FIG. 2 is a top plan view of the stopper of FIG. 1;

FIG. 3 is a side elevational view of the plastic shield stopper combination of the invention with the initial insertion of the stopper into the plastic shield;

FIG. 4 is a top plan view of the device of FIG. 3;

FIG. 5 is a side elevational view, similar to that of FIG. 3, but with the stopper inserted fully into the shield of the invention for subsequent mounting on a tube;

FIG. 6 is a longitudinal sectional view of the closure device of the invention positioned on the top of a glass tube, and showing the cooperating position of the closure combination of the invention with the annular glazed bead positioned at the top of the glass tube;

FIGS. 7 and 8 are side elevational views of representative plastic tubes which may be utilized with a specific embodiment of closure of the invention; and

FIGS. 9a, 9b, 9c and 9d show various views of the plastic shield stopper combination utilized for closing plastic tubes for body fluid collection, and showing a specific embodiment of the invention with an annular sealing ring positioned adjacent the top well of the elastomer stopper to contain blood droplets or aerosol upon removal of a needle from insertion through the elastomer stopper.

Referring to the drawings in which like reference characters refer to like parts throughout the several views thereof, in FIG. 1 the stopper of the invention generally designated 10 is shown. Stopper 10 includes a depending annular portion 12 with a plurality of vertically spaced sealing rings 22 which cooperate with the annular internal surface at the top portion of a tube for maintaining the vacuum in the tube. The upper annular flange portion 14 of stopper 10 includes a plurality of circumferentially spaced protrusions 26, which cooperate with ports or indentations in the plastic shield or cover for the stopper, which will be discussed below. The stopper 10 includes an upper well portion having walls 18 which converge into an upper surface 20 for receiving the point of a needle inserted through stopper 10. The lower surface of stopper 10 includes a well 24 shown in section. FIG. 2 shows a top plan view of the stopper 10 and shows the positioning of the locking protrusions 26.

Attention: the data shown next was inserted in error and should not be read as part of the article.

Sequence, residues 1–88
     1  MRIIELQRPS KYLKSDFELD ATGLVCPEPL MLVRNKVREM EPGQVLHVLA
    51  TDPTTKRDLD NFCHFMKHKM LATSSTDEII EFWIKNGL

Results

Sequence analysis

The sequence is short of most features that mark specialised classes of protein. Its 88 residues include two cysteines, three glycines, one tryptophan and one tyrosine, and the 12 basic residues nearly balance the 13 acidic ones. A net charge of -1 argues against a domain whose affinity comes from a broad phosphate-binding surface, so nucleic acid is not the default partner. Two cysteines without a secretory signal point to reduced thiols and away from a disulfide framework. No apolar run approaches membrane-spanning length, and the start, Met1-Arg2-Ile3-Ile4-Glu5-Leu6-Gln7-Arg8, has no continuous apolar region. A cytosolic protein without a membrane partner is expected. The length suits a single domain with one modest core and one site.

Referring now to FIGS. 3, 4 and 5 a stopper 10 is shown positioned for insertion in the direction of arrow 25 into its cooperating plastic cover or shield 29. As can be seen in FIGS. 3 and 4, shield 29 includes an upper opening 32 to allow access of the user to the top surface 20 of stopper 10 once the stopper is inserted into the shield and the stopper-shield combination are positioned on the top of an evacuated tube.

Plastic shield 29 includes an internal annular wall 38 defining a chamber 28 for receiving the inserted stopper 10 which is shown in its final position in shield 29 in FIG. 5. Once this has taken place, then, when a tube is inserted into the internal chamber 28 of shield 29, the annular bead of a glass tube, for example, cooperates with the annular undercut 36 positioned in annular wall 38 of the plastic shield 29.

As can be seen in the top plan view shown in FIG. 4, the plastic shield or cover 29 includes a plurality of circumferentially spaced ports 30 for receiving the cooperating protrusions 26 of stopper 10. As mentioned above, this is done by inserting stopper 10 in shield 29 and twisting to cause protrusions 26 to move into ports or openings 30. Thus, the two parts are joined together circumferentially so that when the user wishes to remove the stopper from the tube, any force applied circumferentially to the plastic shield readily moves the elastomer stopper from gripping the internal surface of the glass tube, for example.

FIG. 6 shows the closure combination of the invention positioned on a glass tube 40. The entire assembly is shown in section, and tube 40 is a conventional evacuated glass tube having a closed end 39 and an open end 41 sealed by the stopper 10 of the invention. The tube 40 includes an annular glazed bead 42 for cooperating with the undercut 36 positioned on the internal surface of the plastic shield 29, as shown in FIG. 6. As can be readily seen in FIG. 6, the top surface 27 of plastic shield 29 includes opening 32 for gaining access by needle into the top surface 20 of elastomeric stopper 10.

For the purpose of collecting body fluid specimens, it has been conventional for many years to utilize glass tubes for this purpose, because glass provides appropriate maintenance of a vacuum in the tubes for a practical shelf-life prior to use of such tubes for blood collection, for example. As mentioned above, it is most important for the user at the moment when a blood collection procedure is taking place, for example, to have the vacuum be appropriate for carrying out the procedure.

However, in recent years, plastic tubes have been developed and are being further developed routinely. The reason for this is that plastic tubes, as will be understood by anyone, will not break when dropped. This eliminates one problem with blood contamination, which is most important these days with the development of AIDS. Moreover, since such tubes, once a body fluid specimen is collected in the tubes, are inserted in centrifuge devices for application of high speed centrifugal force, the tubes sometimes break under those conditions splattering blood over clinical lab technicians. Plastic tubes, again, remove substantially such dangers.